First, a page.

But former residents in areas to be put under state control, who used to live there before the 2011 nuclear crisis, may not be able to return to their homes. A large part of the plant’s vicinity has already been classified as a zone difficult to return to for a long time.

Environment Minister Nobuteru Ishihara is expected to visit Fukushima Prefecture in early December to seek official approval from Fukushima Gov. Yuhei Sato and mayors of four local towns.

The government plans to start the operation of some of the facilities from January 2015. It is expecting to spend about 1 trillion yen for the project, including 200 billion yen the Environment Ministry is seeking to set aside in the budget for the next fiscal year as land purchase costs.

Facilities will be built in an area 5 kilometers north-south and 3 km east-west in the towns of Okuma and Futaba, which host the Fukushima Daiichi complex, as well as in an area in the town of Naraha, which hosts the Fukushima Daini plant, and in the town of Tomioka.

Several types of facilities are to be built, such as a contaminated soil storage place, a facility to keep waste with radiation level above 100,000 becquerels per kilogram, and a facility to sort the waste that is brought in.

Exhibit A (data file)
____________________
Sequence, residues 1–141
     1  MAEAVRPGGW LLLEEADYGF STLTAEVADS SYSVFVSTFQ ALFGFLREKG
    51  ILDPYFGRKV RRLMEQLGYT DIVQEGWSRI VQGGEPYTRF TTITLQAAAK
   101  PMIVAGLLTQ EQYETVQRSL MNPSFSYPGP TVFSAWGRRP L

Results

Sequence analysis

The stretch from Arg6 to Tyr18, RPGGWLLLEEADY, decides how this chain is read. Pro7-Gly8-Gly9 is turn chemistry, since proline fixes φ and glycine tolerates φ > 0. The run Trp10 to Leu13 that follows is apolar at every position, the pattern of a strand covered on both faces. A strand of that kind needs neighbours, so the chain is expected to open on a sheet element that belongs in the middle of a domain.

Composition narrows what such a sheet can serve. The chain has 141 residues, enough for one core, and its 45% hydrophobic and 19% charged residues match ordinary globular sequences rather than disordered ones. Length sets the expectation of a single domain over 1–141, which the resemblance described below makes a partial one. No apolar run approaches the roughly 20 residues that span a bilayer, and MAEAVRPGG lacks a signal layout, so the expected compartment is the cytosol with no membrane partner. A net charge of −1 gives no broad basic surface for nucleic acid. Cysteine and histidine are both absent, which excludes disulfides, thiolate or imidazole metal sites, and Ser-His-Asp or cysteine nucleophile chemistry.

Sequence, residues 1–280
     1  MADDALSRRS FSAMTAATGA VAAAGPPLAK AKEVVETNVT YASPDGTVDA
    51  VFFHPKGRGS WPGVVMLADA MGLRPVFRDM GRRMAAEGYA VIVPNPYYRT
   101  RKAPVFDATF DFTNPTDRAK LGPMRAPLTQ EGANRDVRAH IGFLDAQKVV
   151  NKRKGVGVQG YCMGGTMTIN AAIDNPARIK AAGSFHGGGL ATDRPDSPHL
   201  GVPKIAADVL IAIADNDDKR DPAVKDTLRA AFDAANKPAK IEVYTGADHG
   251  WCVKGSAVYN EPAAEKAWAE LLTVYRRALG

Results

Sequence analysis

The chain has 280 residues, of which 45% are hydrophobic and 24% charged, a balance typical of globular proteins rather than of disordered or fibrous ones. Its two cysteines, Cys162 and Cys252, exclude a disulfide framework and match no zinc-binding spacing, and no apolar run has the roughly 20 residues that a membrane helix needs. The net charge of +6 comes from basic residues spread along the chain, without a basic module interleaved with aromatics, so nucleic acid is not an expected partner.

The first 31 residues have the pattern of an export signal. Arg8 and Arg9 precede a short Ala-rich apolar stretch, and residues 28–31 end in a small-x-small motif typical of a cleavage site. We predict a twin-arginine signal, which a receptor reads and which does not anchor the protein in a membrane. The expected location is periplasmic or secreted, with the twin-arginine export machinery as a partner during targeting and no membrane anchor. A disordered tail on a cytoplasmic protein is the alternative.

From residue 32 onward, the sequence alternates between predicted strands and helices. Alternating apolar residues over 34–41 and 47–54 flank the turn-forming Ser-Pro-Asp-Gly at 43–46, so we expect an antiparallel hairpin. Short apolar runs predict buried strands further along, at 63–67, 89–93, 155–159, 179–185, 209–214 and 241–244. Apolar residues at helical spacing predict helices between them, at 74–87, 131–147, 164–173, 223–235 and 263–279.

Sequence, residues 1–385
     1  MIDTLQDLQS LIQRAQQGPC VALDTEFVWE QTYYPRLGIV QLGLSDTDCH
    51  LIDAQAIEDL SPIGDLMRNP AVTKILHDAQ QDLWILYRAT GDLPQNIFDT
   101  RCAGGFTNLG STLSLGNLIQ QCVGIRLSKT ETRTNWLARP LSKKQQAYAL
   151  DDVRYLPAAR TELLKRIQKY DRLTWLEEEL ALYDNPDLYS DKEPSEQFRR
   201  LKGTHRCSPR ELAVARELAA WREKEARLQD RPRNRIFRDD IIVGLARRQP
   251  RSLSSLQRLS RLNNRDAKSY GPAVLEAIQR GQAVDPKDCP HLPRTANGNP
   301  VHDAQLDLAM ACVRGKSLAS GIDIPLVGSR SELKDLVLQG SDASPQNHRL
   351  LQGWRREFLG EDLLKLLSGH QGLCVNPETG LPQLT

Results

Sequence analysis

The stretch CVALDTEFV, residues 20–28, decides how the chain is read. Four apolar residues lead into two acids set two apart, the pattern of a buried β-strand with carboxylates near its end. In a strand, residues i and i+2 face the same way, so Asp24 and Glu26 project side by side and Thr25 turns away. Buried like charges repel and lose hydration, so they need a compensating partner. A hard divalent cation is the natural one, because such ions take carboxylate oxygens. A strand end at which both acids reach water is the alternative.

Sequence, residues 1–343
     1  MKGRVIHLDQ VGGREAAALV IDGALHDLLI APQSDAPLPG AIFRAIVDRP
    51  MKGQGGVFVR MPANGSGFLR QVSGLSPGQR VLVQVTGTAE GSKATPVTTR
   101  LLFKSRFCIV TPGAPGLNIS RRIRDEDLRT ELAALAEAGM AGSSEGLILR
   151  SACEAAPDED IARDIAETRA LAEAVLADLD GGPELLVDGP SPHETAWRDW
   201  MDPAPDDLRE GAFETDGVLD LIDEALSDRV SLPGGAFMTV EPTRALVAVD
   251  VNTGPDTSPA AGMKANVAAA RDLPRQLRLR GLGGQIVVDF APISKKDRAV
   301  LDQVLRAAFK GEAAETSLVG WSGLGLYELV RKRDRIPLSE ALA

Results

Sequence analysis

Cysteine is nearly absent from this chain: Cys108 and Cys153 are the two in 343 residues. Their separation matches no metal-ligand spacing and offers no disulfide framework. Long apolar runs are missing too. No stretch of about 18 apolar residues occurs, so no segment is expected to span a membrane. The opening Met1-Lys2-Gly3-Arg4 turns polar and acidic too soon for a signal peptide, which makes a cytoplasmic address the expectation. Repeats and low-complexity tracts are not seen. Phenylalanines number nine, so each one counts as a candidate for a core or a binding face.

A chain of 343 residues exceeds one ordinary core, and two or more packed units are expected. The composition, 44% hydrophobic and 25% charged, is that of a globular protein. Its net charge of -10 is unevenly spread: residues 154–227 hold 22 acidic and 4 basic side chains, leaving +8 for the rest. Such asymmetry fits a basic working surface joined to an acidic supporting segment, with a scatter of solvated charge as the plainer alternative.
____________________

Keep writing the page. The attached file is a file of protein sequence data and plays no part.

The government is seeking to purchase a vast area of land so that part of it can be used as a buffer zone that is expected to help allay the concerns of residents in surrounding areas.

It also believes the vicinity of the facilities will not be suitable for habitation because dump trucks carrying contaminated waste could pass by.

The government plans to keep the waste inside the storage facilities for up to 30 years and dispose of it outside Fukushima Prefecture, but the final disposal site is undecided.

Kyodo News, November 23, 2013


Fukushima voters shun incumbent to elect newcomer in mayoral election